This painting was a created as a commission for the good folks at the National Pastime Museum (nationalpastimemuseum.com) and painted over the course of about 4 weeks. The painting itself is 18" x 22", gouache on paper. This piece really tries to explain a bit about the Merkle Boner, or Merkle's Boner - a famous play (or mis-play) that took place at the end of the 1908 season at the Polo Grounds in NY in a game between the NY Giants and the Chicago Cubs. The controversial play came amidst one of the greatest seasons in baseball history. "Take Me Out to the Ballgame" was written and recorded, and became a hit. The country was in full baseball fever. This single play, in the middle of a tense pennant race and the ruling on it by Ump O'Day upheld by NL President Harry Pulliam, fueled arguments that go on to this day. Fred Merkle, at age 19 and starting a game for the first time in his career, was so pilloried by the Press, that a shadow was cast over him for the rest of his life. If you need more proof that baseball was a life and death affair, you need look no further than NL President Harry Pullman. Pulliam was so harried by the Press that many say that Merkle Boner and the controversy surrounding it were strong contributors to Pulliam choosing to take his own life at the end of season. The 1908 Cubs would go on to win the World Series (and not one since), and this iteration of the Polo Grounds shown would burn down three years later to be rebuilt with it's more familiar steel structure.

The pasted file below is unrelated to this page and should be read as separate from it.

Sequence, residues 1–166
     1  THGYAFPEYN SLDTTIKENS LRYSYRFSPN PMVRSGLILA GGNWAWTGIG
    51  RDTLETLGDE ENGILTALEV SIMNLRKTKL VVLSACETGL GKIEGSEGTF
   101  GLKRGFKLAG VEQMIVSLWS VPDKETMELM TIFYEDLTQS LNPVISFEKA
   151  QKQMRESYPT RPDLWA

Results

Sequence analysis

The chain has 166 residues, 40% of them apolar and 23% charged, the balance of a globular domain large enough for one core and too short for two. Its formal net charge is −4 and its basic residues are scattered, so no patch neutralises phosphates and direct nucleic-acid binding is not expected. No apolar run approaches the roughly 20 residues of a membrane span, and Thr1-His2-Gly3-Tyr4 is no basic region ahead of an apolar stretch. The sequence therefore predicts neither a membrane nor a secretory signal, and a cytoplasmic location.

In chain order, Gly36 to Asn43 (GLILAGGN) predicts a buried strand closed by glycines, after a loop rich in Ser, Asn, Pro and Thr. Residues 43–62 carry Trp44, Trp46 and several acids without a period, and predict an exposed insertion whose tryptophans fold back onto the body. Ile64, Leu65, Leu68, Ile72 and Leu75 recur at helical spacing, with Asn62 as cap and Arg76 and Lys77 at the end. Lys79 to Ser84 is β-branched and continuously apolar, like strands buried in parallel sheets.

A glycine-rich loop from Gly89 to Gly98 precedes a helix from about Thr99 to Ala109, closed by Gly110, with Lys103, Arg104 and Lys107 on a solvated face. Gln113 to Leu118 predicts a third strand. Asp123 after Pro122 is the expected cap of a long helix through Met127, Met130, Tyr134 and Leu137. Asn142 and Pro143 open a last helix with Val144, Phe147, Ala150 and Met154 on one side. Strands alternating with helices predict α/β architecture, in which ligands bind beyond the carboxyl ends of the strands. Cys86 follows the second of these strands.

Thanks to the good people at the National Pastime Museum!
Music: "Smokey Mokes" (Holzmann) performed by Tony Parenti's Ragtimers and Ragtime Gang